FY 2018 Federal Budget: Enacted Versus Trump's Budget Request
Compare Congress' Enacted Budget to Trump's Requests
The fiscal year 2018 federal budget outlines U.S. government revenue and spending from October 1, 2017, through September 30, 2018. The budget process began when President Donald Trump submitted his budget. In January 2018, Congress enacted a bill to guide spending for the next two years. On March 23, 2018, it passed the Omnibus Spending Bill that outlined appropriations for specific departments.
The Office of Management and Budget estimates that revenue will be $3.33 trillion.
That's less than the planned spending of $4.109 trillion. It will create an $779 billion budget deficit.
Half of the FY 2018 revenue of $3.33 trillion comes from income taxes. They contribute $1.684 trillion. Payroll taxes are $1.171 trillion and include Social Security and Medicare taxes. Corporate taxes add $205 billion, contributing just 6%. Trump's tax plan cut the corporate contribution from 9% in FY 2017.
The remaining $271 billion is from excise taxes, estate taxes, interest on Federal Reserve deposits, and other miscellaneous sources. It's also lower than in FY 2016. The tax plan cut estate taxes. Also, the Federal Reserve is reducing its holdings of U.S. Treasurys.
Tax Freedom Day occurred on April 19, 2018. That's how long taxpayers work to pay for federal state, and local government revenue collection. It's more than they spend on food, clothing, and housing combined.
The budget office estimates the federal government will spend $4.109 trillion in FY 2018.
Government spending has three components: discretionary, mandatory and interest on the debt.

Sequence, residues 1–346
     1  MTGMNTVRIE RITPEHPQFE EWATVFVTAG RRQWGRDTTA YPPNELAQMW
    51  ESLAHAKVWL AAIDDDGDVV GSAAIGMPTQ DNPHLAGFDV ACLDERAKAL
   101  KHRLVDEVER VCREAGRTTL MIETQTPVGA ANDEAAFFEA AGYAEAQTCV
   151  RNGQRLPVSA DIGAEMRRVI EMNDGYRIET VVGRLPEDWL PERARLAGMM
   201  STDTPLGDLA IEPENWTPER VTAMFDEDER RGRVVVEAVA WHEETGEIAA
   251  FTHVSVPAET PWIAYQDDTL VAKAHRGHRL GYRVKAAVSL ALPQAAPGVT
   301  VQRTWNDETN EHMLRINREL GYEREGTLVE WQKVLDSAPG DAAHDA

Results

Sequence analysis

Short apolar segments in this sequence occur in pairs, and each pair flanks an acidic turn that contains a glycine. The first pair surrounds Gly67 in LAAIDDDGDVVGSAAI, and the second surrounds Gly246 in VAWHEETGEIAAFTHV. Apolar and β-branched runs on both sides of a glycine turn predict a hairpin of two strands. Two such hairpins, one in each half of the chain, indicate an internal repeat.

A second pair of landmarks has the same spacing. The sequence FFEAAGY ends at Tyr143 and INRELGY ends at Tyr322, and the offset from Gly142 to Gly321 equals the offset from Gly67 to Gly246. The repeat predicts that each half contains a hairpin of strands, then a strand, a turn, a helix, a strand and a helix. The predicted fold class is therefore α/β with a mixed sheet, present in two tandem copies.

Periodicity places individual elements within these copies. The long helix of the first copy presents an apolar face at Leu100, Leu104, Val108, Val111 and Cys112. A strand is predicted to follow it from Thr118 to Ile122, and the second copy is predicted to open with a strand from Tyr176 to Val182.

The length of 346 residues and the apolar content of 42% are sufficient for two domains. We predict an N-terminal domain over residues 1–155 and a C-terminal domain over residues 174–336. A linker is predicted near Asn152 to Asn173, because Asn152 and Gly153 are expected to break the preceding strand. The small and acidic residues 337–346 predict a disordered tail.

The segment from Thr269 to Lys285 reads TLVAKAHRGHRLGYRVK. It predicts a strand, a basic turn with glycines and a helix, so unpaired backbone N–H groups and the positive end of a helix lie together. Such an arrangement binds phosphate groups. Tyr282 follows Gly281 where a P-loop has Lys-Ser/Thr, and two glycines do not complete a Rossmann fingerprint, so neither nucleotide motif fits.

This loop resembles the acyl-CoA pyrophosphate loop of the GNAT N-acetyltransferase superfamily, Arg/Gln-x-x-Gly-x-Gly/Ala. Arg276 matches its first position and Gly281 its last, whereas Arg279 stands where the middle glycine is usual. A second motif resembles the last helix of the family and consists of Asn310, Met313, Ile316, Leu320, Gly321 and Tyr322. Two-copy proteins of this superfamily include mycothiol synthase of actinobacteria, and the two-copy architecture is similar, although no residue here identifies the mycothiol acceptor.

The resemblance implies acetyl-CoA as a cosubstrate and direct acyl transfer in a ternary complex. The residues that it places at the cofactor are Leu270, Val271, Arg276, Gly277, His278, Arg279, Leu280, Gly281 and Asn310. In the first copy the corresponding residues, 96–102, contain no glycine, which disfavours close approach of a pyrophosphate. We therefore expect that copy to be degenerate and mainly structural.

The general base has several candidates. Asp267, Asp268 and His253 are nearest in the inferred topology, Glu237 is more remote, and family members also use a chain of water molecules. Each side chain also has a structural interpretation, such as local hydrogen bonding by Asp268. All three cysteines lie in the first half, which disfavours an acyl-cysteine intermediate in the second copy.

Discretionary: Congress appropriate funds each year for agencies covered by the discretionary budget.
On February 9, 2018, Congress approved a $1.2 trillion discretionary spending bill for FY 2018. It's less than President Trump's $1.244 request.
But it's more than the $1.065 trillion allowed by sequestration. It includes $629 billion for defense. That's $80 billion more than the $549 billion allowed by sequestration. It also includes $576 billion for all other non-defense discretionary spending. That's $60 billion more than the sequestration limit of $516 billion.
The Congressional bill laid out top-line spending for two years, FY 2018 and FY 2019. It specified non-defense spending such as $80 billion for disaster relief, $20 billion for infrastructure, and $7 billion for Community Health Centers. It included an additional $6 billion for opioid treatment, $5.8 billion for Child Care block grants, and $4 billion to the Department of Veterans Affairs.
The spending bill only addressed one of the budget's components. It added funds to the base budget, which pays for standard department operations. Trump's budget kept it within the sequester's limit of $1.065 trillion for FY 2018.
For FY 2018, the spending bill exceeded the caps imposed by sequestration. The bill covered FY 2018 and FY 2019. Republicans increased defense spending by $83 billion a year. Sequestration limited it to $549 billion. Democrats added $60 billion a year for nondefense discretionary spending.
That's above the sequestration limit of $516 billion. The bill included $80 billion in disaster relief and $6 billion to treat opioid addiction. It also included $7 billion to fund community health centers for two years. Tax provisions added $17 billion. The Congressional Budget Office found that the budget will add $320 billion to the debt over the next 10 years.